Green Roofs Masterclass
We don’t want out staff to be just technically proficient – we also want them to be knowledgeable about the history, current best practice and wider benefits of all types of green roof systems.
So, this week we sent all our installers on the Green Roofs in the Townscape Masterclass, delivered by @greenroofsuk in the presitigous surroundings of Northamptonshire’s Lamport Academy. And of course, as anyone familiar with the green roof sector in the UK knows all too well, there is always something new to discover with this endlessly innovative approach to low-impact construction.
While the GRO guidelines, which adapt the more stringent German FLL code for the UK construction industry, provide a national standard for green roof installation, one of the themes running through lively discussions throughout the day was that green roofs in the UK suffer from a lack of understanding on the part of clients, contractors and architects about their rationale, design considerations and post-installation care and monitoring requirements. It was a frequently expressed hope that with better training amongst green roof installers, the ethos underpinning good green roof design – letting nature show us the way and do the work – can be communicated to and understood by our fellow construction professionals.
The course covered a number of key issues, and there were particularly significant developments discussed firstly in terms of current green roof policy in London and around the UK, and also in best practice regarding drainage systems in the design and installation of successful long lasting green roofs.
We discovered that while the lack of any formal obligation to install green roofs is likely to remain, that the expectation of the GLA that new developments in London will have them is starting to produce substantially more green roofs in the capital, and that two factors were likely to see this both increase and spread to other important cities: the first is that in the next 7 years EU guidelines will begin to fall in place that require national governments to demonstrate how their cities are delivering green infrastructure; the second, relatedly, is that the Water Act passed by the last Labour government contains a little-heralded clause that water runoff be dealt with ‘at-source’. With 63% of London’s footprint being roofs (roads 23% and vegetated areas such as parks only 10%) it is clear that efforts to better manage unpredictable storm water will move to the rooftops in earnest in the coming years.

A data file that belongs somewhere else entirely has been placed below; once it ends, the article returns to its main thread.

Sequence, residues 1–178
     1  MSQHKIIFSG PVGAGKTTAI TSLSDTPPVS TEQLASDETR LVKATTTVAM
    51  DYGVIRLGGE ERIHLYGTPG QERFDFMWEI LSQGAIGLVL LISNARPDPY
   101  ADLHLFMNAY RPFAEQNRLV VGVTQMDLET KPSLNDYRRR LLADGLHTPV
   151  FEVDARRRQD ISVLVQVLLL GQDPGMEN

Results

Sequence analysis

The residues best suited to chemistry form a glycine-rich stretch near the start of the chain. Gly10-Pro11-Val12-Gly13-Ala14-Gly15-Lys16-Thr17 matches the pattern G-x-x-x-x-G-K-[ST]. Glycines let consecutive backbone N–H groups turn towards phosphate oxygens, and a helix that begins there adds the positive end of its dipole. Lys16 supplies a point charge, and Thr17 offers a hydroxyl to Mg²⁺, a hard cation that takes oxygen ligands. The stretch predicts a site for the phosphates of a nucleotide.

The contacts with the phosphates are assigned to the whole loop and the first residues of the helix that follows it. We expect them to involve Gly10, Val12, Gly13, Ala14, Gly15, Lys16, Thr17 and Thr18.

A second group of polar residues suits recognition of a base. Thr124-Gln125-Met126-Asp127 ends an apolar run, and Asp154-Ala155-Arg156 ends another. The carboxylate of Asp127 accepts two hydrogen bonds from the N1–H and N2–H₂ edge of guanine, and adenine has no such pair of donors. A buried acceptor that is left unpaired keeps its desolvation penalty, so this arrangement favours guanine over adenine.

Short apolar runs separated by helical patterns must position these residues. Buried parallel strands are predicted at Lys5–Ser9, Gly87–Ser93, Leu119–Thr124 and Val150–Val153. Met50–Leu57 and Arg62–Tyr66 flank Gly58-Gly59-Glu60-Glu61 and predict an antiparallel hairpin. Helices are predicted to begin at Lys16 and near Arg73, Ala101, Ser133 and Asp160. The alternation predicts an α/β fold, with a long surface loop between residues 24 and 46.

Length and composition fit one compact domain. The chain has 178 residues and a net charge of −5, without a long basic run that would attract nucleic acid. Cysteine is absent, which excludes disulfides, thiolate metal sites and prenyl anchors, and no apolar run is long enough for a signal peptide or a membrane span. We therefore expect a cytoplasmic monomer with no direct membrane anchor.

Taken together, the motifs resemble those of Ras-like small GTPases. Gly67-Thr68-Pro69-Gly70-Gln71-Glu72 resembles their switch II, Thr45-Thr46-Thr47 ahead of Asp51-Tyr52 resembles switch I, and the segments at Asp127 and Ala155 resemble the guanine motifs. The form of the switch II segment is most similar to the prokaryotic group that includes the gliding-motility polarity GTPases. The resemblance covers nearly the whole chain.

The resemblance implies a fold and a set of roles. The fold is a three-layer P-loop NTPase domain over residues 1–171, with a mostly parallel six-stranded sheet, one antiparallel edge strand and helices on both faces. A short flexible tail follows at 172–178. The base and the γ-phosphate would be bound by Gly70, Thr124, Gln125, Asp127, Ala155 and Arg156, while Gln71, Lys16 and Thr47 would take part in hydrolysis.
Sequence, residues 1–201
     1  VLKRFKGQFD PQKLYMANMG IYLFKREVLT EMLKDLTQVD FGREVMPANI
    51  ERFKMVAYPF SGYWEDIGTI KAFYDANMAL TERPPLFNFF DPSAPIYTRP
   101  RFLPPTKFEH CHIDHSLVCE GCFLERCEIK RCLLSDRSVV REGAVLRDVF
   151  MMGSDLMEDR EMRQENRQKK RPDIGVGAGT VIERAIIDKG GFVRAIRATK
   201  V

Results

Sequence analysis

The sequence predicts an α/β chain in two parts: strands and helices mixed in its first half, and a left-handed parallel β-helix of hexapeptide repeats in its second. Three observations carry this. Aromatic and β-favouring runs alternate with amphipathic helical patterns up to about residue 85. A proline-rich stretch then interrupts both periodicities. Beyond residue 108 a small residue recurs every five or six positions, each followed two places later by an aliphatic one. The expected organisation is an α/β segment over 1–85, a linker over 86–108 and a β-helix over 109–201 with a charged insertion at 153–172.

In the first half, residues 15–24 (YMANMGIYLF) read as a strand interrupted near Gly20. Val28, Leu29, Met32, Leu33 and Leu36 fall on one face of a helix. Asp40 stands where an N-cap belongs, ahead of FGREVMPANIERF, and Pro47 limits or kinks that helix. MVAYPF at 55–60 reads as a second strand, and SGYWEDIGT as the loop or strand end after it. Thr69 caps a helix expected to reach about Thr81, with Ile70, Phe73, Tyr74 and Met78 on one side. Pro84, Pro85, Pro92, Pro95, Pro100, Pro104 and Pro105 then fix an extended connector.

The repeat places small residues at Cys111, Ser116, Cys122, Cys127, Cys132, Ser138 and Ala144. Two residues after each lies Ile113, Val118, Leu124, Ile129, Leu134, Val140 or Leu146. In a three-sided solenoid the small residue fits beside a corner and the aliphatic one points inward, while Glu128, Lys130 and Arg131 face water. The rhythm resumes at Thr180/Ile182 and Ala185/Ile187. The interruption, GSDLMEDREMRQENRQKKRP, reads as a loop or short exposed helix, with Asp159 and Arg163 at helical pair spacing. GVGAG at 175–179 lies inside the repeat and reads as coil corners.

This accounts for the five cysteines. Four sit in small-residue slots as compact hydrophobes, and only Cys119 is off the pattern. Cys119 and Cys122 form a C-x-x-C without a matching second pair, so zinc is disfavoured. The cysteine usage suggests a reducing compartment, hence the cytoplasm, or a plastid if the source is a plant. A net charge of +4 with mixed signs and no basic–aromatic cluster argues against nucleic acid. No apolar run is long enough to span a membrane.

At Organic Roofs we are keen to do away with as many over-engineered elements in our green roof installations as possible, and it was great to hear that trends in green roof best practice point in the direction of doing away with expensive plastic drainage layers. Some speakers mentioned seeing specs for 50-70mm drainage boards, which seemed incredibly over-specified to all present. Pointing the direction of travel for green roof design, we were told that Austria has worlds most stringent green roof code and that there are moves there to do away with engineered drainage layer altogether. Apparently the modern vogue for engineered drainage layers has little to do with the needs of the plants and everything to do with the need to evacuate water more quickly from some poorly installed German membranes. Best practice is increasingly moving towards doing away with anything that produces substantial voids on the roof, something that we had previously heard at the Copenhagen World Green Roof Congress in 2012.
Much more was discussed during the course and next week we’ll be looking at best practice in green roof irrigation and how to explain the role of green roofs in insulating and cooling buildings to clients.
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